As I have already discussed, Ramona makes clear that Ramona’s first adoption is not a natural or normal one. In no way was it done for the child’s well being, which the 1851 Adoption of Children Act had previously codified should be the ultimate purpose for adopting out children. Angus Phail justifies adopting out Ramona by negating her natural right to be with her Native American mother and claiming the adoption is an equal trade off for everyone (“I have sinned” and “you have sinned”). In the same way, the two administrations that enacted removal policies in the nineteenth century—Andrew Jackson’s and Martin Van Buren’s—tried to justify Indian removal policies by asserting that because the American government had “a title” to the land “independent of their will,” they could remove the Native Americans regardless of their “unquestioned right to the land they occup[ied]” (Peters, 1831, p. 161). In other words, the government negated the Native American’s natural right to the lands, their land being a kind of “mother” to the tribes.1 And through her portrayal of adoption, Jackson rebukes the most ludicrous governmental notion of them all: the notion that removal was an equal trade for all those involved, including the Native Americans. Jackson pointed out that in an 1838 Secretary of War document, Hugh Garland, the Clerk of the House of the Representatives, writes: “in carrying out in this instance with an unwavering hand the measures resolved upon by the Government, in the hope of preserving the Indians and of maintaining the peace and tranquillity [sic] of the whites, it will always be gratifying to reflect that this has been effected not only without violence, but with every proper regard for the feelings and interests of that people [i.e. the Cherokees]” (Century of Dishonor, 1881, p. 285, emphasis added).
But Ramona assures readers that when a wealthy white patriarch removes a child, an agent-less being from their home, it is an action done for the remover’s benefit, not the child’s. Phail discusses in length issues of blood because, in the microcosm of the family, blood is equivalent to race in the larger macrocosm of the nation. Here there are obvious parallels; Angus Phail represents a racist white government; Ramona represents the agent-less Native American tribes, who could be removed whenever it fit the paternalistic government’s needs. It is well known that Jackson (1884) created Ramona to be a character white readers could sympathize with; hence, her skin “had just enough of olive tint” to “underlie and enrich her skin without making it swarthy” and “her eyes were like her father’s, steel-blue” (p. 66). In other words, Jackson depicts Ramona as just Indian enough to make her point, but also white enough to comply with the tastes of her white audience. Ramona also portrays its key character as intelligent, hard working, and pious—even saintly—in order to complete an idealistic picture of the Native Americans.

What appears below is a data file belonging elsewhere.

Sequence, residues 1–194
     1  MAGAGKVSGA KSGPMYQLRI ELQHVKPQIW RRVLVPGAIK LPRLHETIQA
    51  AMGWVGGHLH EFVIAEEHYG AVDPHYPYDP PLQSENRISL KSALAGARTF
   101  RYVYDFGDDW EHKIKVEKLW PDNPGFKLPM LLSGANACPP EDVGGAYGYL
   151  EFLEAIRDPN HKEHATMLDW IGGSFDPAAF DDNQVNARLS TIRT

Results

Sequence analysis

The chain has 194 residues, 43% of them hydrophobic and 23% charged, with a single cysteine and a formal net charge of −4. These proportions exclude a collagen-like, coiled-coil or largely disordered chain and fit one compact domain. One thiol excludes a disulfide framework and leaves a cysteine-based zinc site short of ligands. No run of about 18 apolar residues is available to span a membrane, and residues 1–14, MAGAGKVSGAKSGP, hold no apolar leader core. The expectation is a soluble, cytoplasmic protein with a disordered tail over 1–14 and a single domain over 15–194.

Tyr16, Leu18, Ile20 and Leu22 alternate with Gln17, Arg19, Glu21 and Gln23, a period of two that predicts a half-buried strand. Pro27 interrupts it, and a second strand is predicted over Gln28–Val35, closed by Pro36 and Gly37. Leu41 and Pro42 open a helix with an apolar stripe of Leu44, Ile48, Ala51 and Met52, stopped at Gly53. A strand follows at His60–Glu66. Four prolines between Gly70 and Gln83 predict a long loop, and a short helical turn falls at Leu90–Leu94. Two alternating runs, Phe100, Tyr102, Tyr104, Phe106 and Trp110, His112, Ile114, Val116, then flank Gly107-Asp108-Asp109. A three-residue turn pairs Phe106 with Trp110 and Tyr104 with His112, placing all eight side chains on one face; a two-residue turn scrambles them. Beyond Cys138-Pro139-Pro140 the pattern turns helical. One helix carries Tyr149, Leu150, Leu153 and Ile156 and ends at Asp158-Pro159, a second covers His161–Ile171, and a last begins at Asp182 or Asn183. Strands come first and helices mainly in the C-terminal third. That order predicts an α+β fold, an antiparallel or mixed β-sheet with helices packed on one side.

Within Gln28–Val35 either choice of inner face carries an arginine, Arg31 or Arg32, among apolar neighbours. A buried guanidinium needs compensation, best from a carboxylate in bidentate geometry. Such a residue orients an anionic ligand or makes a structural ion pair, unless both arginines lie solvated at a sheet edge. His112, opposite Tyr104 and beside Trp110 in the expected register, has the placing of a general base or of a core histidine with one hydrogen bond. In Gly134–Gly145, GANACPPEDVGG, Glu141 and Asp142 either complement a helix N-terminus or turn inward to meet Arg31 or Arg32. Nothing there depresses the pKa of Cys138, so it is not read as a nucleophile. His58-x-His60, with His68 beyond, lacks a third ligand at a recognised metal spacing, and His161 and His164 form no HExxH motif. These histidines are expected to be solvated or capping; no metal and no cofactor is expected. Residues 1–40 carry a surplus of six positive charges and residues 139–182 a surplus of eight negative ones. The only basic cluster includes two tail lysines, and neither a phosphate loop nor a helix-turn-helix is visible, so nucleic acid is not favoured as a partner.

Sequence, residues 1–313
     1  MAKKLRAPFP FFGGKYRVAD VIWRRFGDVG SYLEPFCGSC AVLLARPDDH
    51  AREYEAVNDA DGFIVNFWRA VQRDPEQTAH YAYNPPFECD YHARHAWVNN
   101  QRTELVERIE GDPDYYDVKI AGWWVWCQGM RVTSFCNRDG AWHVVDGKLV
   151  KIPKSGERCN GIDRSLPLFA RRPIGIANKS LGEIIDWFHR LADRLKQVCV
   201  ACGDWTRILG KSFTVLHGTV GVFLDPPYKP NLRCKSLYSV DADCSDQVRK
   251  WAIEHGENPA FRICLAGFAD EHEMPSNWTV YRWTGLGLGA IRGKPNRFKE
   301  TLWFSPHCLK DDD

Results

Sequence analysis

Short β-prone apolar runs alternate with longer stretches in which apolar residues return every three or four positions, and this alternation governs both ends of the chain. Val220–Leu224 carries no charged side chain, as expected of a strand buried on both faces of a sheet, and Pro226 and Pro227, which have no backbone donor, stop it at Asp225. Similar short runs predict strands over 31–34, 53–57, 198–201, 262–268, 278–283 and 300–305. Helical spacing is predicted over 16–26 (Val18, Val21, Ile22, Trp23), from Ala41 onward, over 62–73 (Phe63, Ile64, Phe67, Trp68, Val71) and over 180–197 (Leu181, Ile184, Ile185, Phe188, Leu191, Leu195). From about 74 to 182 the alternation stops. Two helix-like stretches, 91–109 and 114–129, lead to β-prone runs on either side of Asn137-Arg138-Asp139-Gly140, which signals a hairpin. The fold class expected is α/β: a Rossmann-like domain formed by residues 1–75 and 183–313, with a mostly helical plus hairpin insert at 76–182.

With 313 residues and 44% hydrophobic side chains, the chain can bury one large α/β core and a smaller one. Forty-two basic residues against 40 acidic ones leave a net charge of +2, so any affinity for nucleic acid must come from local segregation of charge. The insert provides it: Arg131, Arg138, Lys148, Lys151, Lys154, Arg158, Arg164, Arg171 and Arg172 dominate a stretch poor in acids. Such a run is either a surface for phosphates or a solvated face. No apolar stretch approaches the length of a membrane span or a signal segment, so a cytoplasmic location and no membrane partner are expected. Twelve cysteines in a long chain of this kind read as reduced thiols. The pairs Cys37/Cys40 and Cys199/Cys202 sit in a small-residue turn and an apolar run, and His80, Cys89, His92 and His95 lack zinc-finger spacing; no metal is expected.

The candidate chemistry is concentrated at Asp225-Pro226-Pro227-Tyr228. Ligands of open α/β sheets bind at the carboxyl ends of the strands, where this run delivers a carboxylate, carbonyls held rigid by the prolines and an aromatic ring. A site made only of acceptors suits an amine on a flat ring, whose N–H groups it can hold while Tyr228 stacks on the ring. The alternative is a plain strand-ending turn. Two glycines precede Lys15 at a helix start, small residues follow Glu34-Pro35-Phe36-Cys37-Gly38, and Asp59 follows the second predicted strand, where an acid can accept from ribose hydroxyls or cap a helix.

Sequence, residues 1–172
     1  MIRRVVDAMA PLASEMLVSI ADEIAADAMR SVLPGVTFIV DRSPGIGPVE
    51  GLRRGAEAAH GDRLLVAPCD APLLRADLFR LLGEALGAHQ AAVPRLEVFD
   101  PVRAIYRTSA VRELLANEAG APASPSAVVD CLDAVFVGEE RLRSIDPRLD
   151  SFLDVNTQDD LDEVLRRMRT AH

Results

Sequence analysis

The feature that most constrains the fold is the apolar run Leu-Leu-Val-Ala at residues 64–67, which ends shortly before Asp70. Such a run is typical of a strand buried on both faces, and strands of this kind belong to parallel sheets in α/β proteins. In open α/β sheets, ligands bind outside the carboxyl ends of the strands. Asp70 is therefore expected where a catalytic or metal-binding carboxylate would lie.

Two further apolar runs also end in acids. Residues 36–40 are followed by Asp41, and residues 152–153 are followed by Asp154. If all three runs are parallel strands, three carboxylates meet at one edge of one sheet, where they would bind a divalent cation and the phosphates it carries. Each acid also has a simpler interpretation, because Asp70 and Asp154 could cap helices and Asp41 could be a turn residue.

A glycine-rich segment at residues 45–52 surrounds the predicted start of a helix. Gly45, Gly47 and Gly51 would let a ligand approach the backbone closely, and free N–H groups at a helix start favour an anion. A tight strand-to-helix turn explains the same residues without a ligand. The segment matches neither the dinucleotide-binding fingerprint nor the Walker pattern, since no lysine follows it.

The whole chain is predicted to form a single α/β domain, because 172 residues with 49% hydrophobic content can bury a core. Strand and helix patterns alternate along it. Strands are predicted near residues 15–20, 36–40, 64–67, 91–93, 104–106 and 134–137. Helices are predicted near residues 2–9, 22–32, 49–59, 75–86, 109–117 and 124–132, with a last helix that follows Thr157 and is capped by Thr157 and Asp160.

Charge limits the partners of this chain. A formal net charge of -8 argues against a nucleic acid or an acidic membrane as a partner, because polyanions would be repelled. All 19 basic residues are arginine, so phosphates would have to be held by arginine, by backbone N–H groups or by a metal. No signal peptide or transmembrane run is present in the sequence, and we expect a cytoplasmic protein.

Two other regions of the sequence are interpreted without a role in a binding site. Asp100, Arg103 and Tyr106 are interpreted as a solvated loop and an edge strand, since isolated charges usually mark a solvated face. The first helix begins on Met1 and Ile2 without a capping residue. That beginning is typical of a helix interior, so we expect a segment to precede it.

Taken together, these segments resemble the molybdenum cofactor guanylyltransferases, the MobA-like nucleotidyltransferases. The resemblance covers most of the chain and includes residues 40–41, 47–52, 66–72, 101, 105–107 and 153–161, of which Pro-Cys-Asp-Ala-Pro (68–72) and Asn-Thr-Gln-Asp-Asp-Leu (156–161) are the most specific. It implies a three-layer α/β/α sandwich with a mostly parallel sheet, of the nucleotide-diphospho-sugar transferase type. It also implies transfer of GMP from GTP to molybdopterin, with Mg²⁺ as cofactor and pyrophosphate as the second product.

But not many analyses of this text have taken into consideration how Angus Phail is depicted in order to further carry out Jackson’s reform message. When Phail as a character is examined, the parallels between him and the government as well as the government policies Jackson harshly criticized begin to surface. In his opinion on the Cherokee Nation v. Georgia case, Justice John Marshall writes, “Their relation to the United States resembles that of a ward to his guardian. They look to our government for protection; rely upon its kindness and its power; appeal to it for relief to their wants; and address the president as their great father (Peters, 1831, p. 161, emphasis added). At the head of this domestic relationship, where the government provided “parental” guidance and Native Americans were the “children,” sat the great father, President Andrew Jackson. Jackson was of Scotch-Irish heritage and correspondingly Ramona’s father was “well-born in Scotland” (Ramona, 1884, p. 43). And even if this resemblance is completely coincidental or simply out or racism toward Scots in America, the fact still stands that government officials saw the American administration as a “father” to the Native Americans. Jackson exploits this belief in her portrayal of Phail; through him she suggests that the “great father” was doing wrong by his children by removing them from their home. Even Phail’s name suggests an either intentional or inadvertent slippage of language in Ramona: Phail fails Ramona as a parent, just as the American government failed the Native Americans with Indian removal policies.Continued on Next Page »